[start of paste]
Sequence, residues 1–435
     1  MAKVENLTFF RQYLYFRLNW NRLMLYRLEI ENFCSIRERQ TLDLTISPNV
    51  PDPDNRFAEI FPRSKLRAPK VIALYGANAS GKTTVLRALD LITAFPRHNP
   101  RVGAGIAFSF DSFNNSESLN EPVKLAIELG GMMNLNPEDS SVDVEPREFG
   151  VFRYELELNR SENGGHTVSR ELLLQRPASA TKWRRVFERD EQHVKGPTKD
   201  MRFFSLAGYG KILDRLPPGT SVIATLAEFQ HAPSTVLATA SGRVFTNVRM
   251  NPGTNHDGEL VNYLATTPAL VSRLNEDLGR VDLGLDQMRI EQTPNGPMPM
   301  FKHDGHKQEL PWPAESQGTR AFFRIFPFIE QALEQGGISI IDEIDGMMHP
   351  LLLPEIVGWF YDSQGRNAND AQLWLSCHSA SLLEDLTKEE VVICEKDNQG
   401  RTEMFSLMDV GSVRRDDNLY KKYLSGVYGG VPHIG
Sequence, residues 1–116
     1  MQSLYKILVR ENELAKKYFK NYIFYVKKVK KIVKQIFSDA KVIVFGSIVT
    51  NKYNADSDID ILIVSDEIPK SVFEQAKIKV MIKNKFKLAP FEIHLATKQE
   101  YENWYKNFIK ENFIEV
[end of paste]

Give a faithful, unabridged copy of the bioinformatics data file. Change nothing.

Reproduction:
Sequence, residues 1–435
     1  MAKVENLTFF RQYLYFRLNW NRLMLYRLEI ENFCSIRERQ TLDLTISPNV
    51  PDPDNRFAEI FPRSKLRAPK VIALYGANAS GKTTVLRALD LITAFPRHNP
   101  RVGAGIAFSF DSFNNSESLN EPVKLAIELG GMMNLNPEDS SVDVEPREFG
   151  VFRYELELNR SENGGHTVSR ELLLQRPASA TKWRRVFERD EQHVKGPTKD
   201  MRFFSLAGYG KILDRLPPGT SVIATLAEFQ HAPSTVLATA SGRVFTNVRM
   251  NPGTNHDGEL VNYLATTPAL VSRLNEDLGR VDLGLDQMRI EQTPNGPMPM
   301  FKHDGHKQEL PWPAESQGTR AFFRIFPFIE QALEQGGISI IDEIDGMMHP
   351  LLLPEIVGWF YDSQGRNAND AQLWLSCHSA SLLEDLTKEE VVICEKDNQG
   401  RTEMFSLMDV GSVRRDDNLY KKYLSGVYGG VPHIG
Sequence, residues 1–116
     1  MQSLYKILVR ENELAKKYFK NYIFYVKKVK KIVKQIFSDA KVIVFGSIVT
    51  NKYNADSDID ILIVSDEIPK SVFEQAKIKV MIKNKFKLAP FEIHLATKQE
   101  YENWYKNFIK ENFIEV